NPR News - Tue, 2014-07-22 14:36

In a recent Gallup poll, most named immigration the biggest problem confronting the nation. But past periods of heightened worries have been brief — and haven't brought about solutions.

» E-Mail This

3 ways Harvard President Drew Faust measures colleges

Marketplace - American Public Media - Tue, 2014-07-22 13:51

By 2015, the Obama administration will evaluate colleges on average tuition cost, low-income student enrollment, graduation rates and job earnings after graduation.

When they released this proposal last year, the higher education community generally disagreed with their criteria. One strong critic is Drew Faust, the president at Harvard University. Here are some measurements she thinks are important to consider:

Measurement: Jobs, but not salaries.

Faust is not opposed to focusing on kinds of work students can do after they graduate. However, she believes emphazing earnings at a first job distorts the picture.

"Some of our economists at Harvard have done analysis of this, and find that you really only begin to get an accurate reflection of lifetime earnings if you look at 10 years out. So I think they’re looking hard at more nuanced ways of measuring output of education.”

Measurement: The percentage of students on financial aid.

Of course, she cites the stats from Harvard: They accepted 5.9 percent of the 24,294 applicants for the entering class of 2014, and Faust says they have expanded financial aid programs so that those select few can actually afford to enroll.

"We have a financial aid policy that supports 60 percent of our undergraduates," she said. "They pay an average of $12,000 a year."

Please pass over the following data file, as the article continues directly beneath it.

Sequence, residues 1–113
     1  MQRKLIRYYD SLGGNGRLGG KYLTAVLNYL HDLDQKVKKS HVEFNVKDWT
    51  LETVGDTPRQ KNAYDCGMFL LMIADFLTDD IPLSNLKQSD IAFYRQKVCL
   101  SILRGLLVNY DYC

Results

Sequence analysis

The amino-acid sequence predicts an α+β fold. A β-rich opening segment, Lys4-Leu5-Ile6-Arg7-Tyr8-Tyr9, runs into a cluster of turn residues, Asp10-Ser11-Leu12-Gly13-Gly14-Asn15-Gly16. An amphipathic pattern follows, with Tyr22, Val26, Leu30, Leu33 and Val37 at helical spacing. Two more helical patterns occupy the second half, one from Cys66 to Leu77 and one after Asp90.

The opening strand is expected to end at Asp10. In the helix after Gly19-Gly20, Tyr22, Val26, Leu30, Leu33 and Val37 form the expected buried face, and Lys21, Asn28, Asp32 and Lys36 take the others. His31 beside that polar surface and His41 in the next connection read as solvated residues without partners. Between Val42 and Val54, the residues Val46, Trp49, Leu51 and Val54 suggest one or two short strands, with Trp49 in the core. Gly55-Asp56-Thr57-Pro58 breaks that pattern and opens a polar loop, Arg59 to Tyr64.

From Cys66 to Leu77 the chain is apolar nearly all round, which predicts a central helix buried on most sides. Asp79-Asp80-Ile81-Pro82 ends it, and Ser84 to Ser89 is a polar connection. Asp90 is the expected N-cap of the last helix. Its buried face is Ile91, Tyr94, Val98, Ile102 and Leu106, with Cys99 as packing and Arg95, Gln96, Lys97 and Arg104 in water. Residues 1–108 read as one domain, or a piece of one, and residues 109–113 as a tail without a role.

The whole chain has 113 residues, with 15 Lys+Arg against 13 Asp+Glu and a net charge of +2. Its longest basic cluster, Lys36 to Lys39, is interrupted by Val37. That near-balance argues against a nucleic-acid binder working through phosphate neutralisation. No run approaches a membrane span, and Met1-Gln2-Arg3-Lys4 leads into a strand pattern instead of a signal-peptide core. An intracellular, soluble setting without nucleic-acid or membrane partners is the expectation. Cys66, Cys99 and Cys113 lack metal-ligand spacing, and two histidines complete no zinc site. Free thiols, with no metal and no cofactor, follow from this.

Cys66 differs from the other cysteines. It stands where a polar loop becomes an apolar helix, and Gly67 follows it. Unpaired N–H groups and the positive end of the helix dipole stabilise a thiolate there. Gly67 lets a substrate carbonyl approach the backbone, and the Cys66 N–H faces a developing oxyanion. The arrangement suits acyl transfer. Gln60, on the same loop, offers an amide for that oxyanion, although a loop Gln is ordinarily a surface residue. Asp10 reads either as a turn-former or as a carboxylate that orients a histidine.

Faust also said that about 20 percent of Harvard's class makes no parental or family contribution at all.

Measurement: How digital-forward teaching is.

The big push at Harvard right now is digital — Harvard edX, where anyone can take classes from their computer. Faust says this provides acess to the knowledge and research for students, researchers and educators around the globe. 

"We get many students from Asia and Europe," she says, "and our students expect to live their lives and practice their professions and fields in a global environment."

Faust also says learning and "the fundamental value of learning and challenging ourselves in the realm of research and relating our research and teaching" are key principles to any education system. She thinks its better to focus on how education and learning can better a student, rather than how much they will make.

It's illegal to work in August...for Congress

Marketplace - American Public Media - Tue, 2014-07-22 13:39

We've all heard Congress is in recess more than it's actually in session, but there's more to the story.

It turns out Congress working during August is actually against the law.

Congress will recess for its summer break next Friday because the Legislative Reorganization Act of 1970 says it has to  according to the Washington Post.

In fact the House and Senate shall recess, "not later than July 31 of each the second day after Labor Day."




KBBI is Powered by Active Listeners like You

As we celebrate 35 years of broadcasting, we look ahead to technology improvements and the changing landscape of public radio.

Support the voices, music, information, and ideas that add so much to your life.Thank you for supporting your local public radio station.


Drupal theme by ver.1.4